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Massachusetts Liberal

Observations on politics, the media and life in Massachusetts and beyond from the left side of the road.

Tuesday, April 24, 2007

Buried lead

You've got to get virtually to the end of today's Globe story on a budget battle over abstinence education story before you can really understand why the Massachusetts House is opting to retain a Mitt Romney-era program that funds abstinence-only education in schools.

Last year, the House stripped authorization for the grant out of the budget, but the Senate objected; a compromise was reached in a conference committee that included the caveat requiring the provision that the abstinence programs could only be taught if accompanied by a separate comprehensive sex education class. This year, after the governor stripped out the authorization, the House put it back in with the same condition.

Last year and this year, Raymond B. Ruddy -- president of the Gerard Health Foundation, which has given millions to antiabortion and abstinence groups -- hired lobbyist John Bartley to persuade lawmakers to include the funding in the budget for the program. Ruddy paid Bartley nearly $50,000 last year for his work on this single issue.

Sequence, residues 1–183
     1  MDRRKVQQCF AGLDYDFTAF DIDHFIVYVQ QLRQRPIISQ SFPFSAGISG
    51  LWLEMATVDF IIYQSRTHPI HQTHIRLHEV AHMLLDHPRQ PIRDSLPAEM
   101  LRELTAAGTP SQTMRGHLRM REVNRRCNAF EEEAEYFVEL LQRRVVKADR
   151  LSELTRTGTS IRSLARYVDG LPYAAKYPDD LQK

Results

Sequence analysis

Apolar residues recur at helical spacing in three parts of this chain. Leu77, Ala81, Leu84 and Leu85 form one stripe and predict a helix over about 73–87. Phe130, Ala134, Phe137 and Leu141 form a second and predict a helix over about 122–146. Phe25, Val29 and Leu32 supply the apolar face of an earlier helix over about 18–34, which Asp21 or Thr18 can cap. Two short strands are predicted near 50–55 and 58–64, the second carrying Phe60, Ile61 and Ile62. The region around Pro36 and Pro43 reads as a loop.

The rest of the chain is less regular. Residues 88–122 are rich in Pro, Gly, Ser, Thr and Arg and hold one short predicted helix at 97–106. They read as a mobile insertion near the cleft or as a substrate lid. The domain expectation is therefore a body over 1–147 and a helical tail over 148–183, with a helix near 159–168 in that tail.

What we don't see is often more interesting than what we do.

On the face of it, the idea of abstinence-only education is absurd -- a Theocon-driven dream of a perfect society that exists only in Ozzie and Harriet re-runs. Teenagers and sex go together naturally -- quite literally -- and to think you can teach someone to ignore hormones is ludicrous.
"These programs are prohibited by federal regulation from discussing the prevention benefits of birth control, other than to emphasize the failure rate," said Angus McQuilken, vice president for public relations and governmental affairs for the Planned Parenthood League of Massachusetts. "That is a dangerously unrealistic and irresponsible approach.
There's no harm in teaching abstinence -- in conjunction with a curriculum that also covers the facts of life. The decision by the Patrick administration and other states that refuse to buckle to yet another absurd federal mandate (in an area where states traditionally have greatest leeway) is appropriate.

So is a House amendment to contest the policy. But only if that amendment is offered in the clear light of day -- which this one was not. Or if the pros and cons are debated on the floor, which has not happened.

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